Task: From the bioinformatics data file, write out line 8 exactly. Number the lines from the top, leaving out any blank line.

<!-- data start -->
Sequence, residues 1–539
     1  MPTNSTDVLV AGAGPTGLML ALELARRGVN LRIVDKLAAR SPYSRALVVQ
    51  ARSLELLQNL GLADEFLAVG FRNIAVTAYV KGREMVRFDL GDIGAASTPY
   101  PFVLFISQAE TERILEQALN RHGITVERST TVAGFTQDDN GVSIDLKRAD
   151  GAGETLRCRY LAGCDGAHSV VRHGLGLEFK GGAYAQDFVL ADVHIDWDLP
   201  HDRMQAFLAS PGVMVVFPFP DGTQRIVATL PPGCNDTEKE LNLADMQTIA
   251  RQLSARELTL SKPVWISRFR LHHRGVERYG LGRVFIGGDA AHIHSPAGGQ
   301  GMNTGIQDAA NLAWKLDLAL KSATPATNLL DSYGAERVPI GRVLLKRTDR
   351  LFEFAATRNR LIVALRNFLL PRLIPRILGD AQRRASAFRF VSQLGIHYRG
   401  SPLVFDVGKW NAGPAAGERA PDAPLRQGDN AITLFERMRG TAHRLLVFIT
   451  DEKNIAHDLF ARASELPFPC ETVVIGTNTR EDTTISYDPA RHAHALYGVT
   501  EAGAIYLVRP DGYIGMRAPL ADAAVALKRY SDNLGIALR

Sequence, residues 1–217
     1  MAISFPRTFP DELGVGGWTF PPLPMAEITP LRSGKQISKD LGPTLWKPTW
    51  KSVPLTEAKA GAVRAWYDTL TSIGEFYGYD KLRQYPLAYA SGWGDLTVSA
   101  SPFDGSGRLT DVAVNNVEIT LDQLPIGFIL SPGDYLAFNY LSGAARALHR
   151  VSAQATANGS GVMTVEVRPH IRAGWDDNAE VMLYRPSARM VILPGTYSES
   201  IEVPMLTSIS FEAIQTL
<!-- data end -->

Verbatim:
   301  GMNTGIQDAA NLAWKLDLAL KSATPATNLL DSYGAERVPI GRVLLKRTDR